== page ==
Q. Hi Richard,
I’ve been meaning to ask you this for a long time; it concerns Omar Vizquel — a player I’ve always admired for his defensive skills and plucky approach at the plate — and a player who’s probably a hall-of-famer. Nothing can tarnish Vizquel’s legacy as a player at this point, I would think, but given he’s often hinted at wanting a coaching career post-retirement, do you think the disaster in Toronto in the 2012 season will hurt his future? He was brought in to provide leadership, especially to the team’s Latino players, and was reportedly a divisive influence in the clubhouse on a team that appeared to be a rudderless ship; moreover, one of his charges, Yunel Escobar managed to offend an entire community with an absolutely bonehead move and when Vizquel was asked about it he basically said he didn’t see anything wrong with it.
So . . . did “Coach Viquel” just set his career back in your opinion?
Geoff Read, London, Ont.
A. That’s a pretty solid read on the Omar Vizquel situation. In hindsight, Vizquel was never interested in mentoring the Jays’ young Latin-American players. He was interested in putting a cap on his career, wherever he could find a job, and recording it for posterity on a video that is still in production.
Omar spent more 2012 time with his biographers than his teammates. He was the last to arrive and the first to leave. He was a great player, but the Jays did not get what they believed they would get and the end of the season mess, with Escobar, followed by his comments about lack of coaching leadership and his subsequent apology set back Vizquel’s managerial aspirations. Word gets around.
Q. Hi Richard,
Good to see your link to send questions is up and running again.
My concern is about the Jays bench. Not that I’d expect Gibby to do a lot of pinch hit strategy but Davis, Bonafacio/Izturis, Blanco, and DeRosa are light hitters and no lefty on the bench. Competitive teams generally have a diverse bench with position flexibility (which the Jays have), but not having one “power” bat and/or no left-handed hitter it begs to question the balance. Any concerns there? Never mind a pinch hit HR but I can barely expect a gapper in the clutch from this bench.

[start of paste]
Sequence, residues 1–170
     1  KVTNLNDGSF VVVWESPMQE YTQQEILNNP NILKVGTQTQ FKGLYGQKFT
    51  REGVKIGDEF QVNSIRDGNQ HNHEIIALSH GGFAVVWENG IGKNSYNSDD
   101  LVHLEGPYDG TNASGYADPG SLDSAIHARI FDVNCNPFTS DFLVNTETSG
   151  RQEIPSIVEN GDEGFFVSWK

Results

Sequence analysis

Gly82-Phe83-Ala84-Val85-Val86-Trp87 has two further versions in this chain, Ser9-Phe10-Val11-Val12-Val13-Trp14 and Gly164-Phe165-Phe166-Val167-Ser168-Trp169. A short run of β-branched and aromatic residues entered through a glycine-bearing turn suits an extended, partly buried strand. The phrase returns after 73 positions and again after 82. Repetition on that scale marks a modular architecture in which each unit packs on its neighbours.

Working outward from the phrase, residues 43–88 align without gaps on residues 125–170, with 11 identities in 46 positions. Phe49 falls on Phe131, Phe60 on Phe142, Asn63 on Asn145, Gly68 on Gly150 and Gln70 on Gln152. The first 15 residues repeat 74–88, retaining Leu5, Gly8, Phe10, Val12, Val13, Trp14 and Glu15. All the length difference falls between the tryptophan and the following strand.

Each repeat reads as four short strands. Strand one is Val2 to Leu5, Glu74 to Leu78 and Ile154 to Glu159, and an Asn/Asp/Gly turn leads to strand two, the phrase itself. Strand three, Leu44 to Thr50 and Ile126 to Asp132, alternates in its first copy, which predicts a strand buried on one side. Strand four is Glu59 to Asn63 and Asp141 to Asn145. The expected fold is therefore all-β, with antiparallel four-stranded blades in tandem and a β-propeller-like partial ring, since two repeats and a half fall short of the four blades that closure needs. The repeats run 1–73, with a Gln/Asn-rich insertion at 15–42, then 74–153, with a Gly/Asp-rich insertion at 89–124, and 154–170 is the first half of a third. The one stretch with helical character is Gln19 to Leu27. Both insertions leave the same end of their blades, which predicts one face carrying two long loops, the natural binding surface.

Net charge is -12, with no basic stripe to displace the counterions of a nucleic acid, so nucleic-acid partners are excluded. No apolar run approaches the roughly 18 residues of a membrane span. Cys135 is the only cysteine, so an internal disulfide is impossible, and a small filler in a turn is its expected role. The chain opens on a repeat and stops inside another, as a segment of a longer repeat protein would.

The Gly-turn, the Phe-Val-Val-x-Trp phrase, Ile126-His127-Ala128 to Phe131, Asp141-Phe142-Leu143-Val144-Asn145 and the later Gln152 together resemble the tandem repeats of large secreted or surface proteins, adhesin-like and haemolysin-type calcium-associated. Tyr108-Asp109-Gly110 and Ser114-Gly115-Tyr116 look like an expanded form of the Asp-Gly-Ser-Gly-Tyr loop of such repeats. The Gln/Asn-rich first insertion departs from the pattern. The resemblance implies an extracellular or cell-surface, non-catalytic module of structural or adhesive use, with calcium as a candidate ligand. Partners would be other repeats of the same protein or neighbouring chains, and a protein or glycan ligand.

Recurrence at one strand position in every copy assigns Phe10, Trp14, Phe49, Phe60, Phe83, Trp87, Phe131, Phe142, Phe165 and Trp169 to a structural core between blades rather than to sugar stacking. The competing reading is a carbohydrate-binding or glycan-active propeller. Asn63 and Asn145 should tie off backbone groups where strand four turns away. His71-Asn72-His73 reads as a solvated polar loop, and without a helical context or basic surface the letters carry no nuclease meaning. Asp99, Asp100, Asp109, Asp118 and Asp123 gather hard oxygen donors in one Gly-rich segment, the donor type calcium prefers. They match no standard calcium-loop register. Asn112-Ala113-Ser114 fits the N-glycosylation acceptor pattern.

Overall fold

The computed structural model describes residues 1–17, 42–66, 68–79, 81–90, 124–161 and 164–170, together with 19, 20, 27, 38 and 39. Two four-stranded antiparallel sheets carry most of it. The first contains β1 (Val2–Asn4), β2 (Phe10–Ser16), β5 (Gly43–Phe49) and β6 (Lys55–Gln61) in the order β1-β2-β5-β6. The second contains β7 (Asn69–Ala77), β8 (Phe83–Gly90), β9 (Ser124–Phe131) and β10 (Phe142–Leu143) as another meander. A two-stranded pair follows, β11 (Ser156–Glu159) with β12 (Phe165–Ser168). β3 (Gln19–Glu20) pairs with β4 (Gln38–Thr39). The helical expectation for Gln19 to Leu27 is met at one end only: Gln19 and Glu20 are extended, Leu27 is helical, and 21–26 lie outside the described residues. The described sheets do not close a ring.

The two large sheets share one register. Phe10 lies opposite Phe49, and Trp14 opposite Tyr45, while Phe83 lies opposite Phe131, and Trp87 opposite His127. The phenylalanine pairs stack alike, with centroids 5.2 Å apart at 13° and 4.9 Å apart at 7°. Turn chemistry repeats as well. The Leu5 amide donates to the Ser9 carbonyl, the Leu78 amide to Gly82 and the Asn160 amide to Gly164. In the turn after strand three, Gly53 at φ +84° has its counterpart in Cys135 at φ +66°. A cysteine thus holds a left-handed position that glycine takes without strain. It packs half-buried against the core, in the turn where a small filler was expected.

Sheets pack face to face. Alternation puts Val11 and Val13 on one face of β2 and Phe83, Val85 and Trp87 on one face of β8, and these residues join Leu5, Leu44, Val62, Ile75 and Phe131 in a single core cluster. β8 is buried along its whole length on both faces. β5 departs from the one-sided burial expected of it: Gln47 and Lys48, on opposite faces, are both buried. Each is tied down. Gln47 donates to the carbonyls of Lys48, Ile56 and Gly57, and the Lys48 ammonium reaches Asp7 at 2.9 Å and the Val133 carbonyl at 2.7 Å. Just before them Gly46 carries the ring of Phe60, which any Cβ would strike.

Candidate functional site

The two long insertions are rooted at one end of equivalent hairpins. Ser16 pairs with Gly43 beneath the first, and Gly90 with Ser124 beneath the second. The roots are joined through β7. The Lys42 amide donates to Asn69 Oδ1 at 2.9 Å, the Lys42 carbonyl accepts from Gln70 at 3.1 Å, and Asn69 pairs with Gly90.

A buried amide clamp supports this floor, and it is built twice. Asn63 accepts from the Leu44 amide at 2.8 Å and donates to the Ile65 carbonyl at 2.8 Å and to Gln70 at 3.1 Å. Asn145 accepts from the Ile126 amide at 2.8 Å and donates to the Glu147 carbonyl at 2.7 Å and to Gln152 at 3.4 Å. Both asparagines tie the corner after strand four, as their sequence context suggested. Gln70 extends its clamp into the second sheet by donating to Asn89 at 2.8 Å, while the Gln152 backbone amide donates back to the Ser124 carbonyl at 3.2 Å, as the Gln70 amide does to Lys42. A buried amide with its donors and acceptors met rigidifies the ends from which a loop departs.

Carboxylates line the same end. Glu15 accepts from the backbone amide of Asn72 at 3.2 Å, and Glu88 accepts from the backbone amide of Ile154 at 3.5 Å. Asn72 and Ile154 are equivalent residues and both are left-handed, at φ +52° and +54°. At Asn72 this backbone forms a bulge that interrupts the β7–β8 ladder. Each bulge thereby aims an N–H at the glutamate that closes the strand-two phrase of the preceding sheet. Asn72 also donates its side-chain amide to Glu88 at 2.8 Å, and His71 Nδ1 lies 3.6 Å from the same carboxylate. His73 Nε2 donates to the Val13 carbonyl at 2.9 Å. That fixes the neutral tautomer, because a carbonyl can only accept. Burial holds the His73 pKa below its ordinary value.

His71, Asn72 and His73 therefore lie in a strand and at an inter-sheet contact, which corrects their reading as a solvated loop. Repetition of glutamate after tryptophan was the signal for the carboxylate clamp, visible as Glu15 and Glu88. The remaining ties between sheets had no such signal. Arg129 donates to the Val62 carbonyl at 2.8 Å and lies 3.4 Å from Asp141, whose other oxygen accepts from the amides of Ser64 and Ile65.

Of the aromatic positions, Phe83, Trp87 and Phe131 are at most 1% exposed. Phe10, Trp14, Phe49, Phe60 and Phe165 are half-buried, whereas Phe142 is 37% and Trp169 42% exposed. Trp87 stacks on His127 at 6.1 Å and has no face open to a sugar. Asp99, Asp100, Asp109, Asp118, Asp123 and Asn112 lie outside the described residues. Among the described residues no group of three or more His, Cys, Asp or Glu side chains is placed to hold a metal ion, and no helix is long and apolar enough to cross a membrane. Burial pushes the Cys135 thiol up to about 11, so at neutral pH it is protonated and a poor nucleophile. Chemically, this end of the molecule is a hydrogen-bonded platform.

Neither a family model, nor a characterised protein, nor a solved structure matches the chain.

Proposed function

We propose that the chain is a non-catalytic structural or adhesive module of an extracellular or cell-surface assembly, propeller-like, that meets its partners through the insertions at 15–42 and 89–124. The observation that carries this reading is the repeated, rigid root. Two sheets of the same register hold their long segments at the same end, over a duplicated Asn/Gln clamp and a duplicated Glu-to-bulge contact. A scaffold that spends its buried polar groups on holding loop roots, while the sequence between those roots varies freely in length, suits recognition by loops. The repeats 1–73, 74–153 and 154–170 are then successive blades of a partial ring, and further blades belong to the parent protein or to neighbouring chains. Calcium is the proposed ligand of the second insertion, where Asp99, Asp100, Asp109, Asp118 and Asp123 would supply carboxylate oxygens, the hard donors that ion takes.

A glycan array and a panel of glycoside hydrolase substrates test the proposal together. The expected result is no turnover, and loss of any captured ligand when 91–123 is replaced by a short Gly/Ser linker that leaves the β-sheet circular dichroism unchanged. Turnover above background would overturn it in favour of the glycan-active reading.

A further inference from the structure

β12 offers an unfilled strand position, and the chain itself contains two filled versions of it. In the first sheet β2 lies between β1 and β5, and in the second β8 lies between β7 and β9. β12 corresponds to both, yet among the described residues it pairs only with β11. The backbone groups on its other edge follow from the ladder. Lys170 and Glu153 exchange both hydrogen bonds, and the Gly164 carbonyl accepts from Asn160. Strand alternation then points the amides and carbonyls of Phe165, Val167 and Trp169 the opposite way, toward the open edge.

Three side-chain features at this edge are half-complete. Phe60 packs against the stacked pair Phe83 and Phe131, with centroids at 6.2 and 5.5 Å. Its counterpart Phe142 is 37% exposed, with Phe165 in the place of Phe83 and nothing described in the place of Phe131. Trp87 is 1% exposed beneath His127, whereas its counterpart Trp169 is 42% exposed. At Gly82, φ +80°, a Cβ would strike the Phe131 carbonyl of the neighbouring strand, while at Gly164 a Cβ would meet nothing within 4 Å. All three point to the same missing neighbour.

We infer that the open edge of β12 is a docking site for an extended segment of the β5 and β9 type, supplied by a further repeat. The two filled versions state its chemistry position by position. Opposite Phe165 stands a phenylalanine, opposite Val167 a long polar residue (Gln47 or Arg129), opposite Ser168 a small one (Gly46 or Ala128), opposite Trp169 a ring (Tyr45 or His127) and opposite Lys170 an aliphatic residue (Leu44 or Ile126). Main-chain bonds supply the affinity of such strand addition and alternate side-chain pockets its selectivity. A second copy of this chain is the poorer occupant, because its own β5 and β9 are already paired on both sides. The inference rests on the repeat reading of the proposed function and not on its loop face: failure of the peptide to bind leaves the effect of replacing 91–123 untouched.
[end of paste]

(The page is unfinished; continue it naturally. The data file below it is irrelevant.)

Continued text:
One last thing, on the Jays site DeRosa is not listed in the depth chart. Does that mean that AA is leaving the door open if he finds a suitable bench replacement? I believe Sizemore and Abreu are still on the market.
Kam H, Richmond Hill
A. I believe that this could be the best bench that the Jays have had in years. Having a “power” bat on the bench is overrated. This group is more about providing a speed threat off the bench in late innings when you need a run and about having the versatility to give a regular position player a day off and still have a major-league quality defender and hitter in the lineup. As you point out, how often are these Jays going to pinch-hit in a game. Davis, Bonifacio and DeRosa will all give you major-league at-bats.
As for DeRosa, the website updates on depth and roster are random — unless it’s one of the New York teams. The updates are not done by the teams themselves. There are many head-scratchers.
Q. Hey Richard:
Help me out with the logic on all of this. I was disappointed when the Jays flipped Mike Aviles & Yan Gomes (a personal favourite) to Cleveland for Esmil Rogers, who had been a huge disappointment as a starter in Colorado, but seemed to have resurrected himself in the Indians’ bullpen. Aviles would look a lot better as the 25th man than Mark DeRosa. Now it seems the team has pretty much guaranteed Rogers a spot in the ’pen (based on 35 innings in Cleveland?) over Brad Lincoln, another guy with mixed results as a starter, but much better as a reliever over a FULL season, while telling Lincoln to go back to being a starter, obviously in Buffalo. Putting the poor guy in a position to fail.